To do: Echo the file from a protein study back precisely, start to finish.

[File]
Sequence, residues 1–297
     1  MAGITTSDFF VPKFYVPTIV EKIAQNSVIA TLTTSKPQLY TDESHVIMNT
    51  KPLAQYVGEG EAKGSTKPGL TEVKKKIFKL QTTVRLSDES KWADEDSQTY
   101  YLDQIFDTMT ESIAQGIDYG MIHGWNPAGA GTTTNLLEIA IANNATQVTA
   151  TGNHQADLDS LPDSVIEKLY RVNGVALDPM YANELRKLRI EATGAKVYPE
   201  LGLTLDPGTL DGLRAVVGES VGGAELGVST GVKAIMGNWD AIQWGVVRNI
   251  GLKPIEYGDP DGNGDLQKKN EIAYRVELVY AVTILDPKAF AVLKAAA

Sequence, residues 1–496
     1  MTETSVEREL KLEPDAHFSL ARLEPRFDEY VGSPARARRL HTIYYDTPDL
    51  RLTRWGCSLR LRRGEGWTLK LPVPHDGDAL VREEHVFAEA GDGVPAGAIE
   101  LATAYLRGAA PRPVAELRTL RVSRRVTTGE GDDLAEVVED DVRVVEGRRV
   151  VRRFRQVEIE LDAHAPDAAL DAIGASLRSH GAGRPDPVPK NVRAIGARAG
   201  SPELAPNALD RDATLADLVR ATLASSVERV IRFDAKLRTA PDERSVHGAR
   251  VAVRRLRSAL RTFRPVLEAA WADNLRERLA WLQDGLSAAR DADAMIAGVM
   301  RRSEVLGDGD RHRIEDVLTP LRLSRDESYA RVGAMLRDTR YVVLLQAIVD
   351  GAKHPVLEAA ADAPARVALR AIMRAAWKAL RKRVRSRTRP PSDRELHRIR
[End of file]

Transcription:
Sequence, residues 1–297
     1  MAGITTSDFF VPKFYVPTIV EKIAQNSVIA TLTTSKPQLY TDESHVIMNT
    51  KPLAQYVGEG EAKGSTKPGL TEVKKKIFKL QTTVRLSDES KWADEDSQTY
   101  YLDQIFDTMT ESIAQGIDYG MIHGWNPAGA GTTTNLLEIA IANNATQVTA
   151  TGNHQADLDS LPDSVIEKLY RVNGVALDPM YANELRKLRI EATGAKVYPE
   201  LGLTLDPGTL DGLRAVVGES VGGAELGVST GVKAIMGNWD AIQWGVVRNI
   251  GLKPIEYGDP DGNGDLQKKN EIAYRVELVY AVTILDPKAF AVLKAAA

Sequence, residues 1–496
     1  MTETSVEREL KLEPDAHFSL ARLEPRFDEY VGSPARARRL HTIYYDTPDL
    51  RLTRWGCSLR LRRGEGWTLK LPVPHDGDAL VREEHVFAEA GDGVPAGAIE
   101  LATAYLRGAA PRPVAELRTL RVSRRVTTGE GDDLAEVVED DVRVVEGRRV
   151  VRRFRQVEIE LDAHAPDAAL DAIGASLRSH GAGRPDPVPK NVRAIGARAG
   201  SPELAPNALD RDATLADLVR ATLASSVERV IRFDAKLRTA PDERSVHGAR
   251  VAVRRLRSAL RTFRPVLEAA WADNLRERLA WLQDGLSAAR DADAMIAGVM
   301  RRSEVLGDGD RHRIEDVLTP LRLSRDESYA RVGAMLRDTR YVVLLQAIVD
   351  GAKHPVLEAA ADAPARVALR AIMRAAWKAL RKRVRSRTRP PSDRELHRIR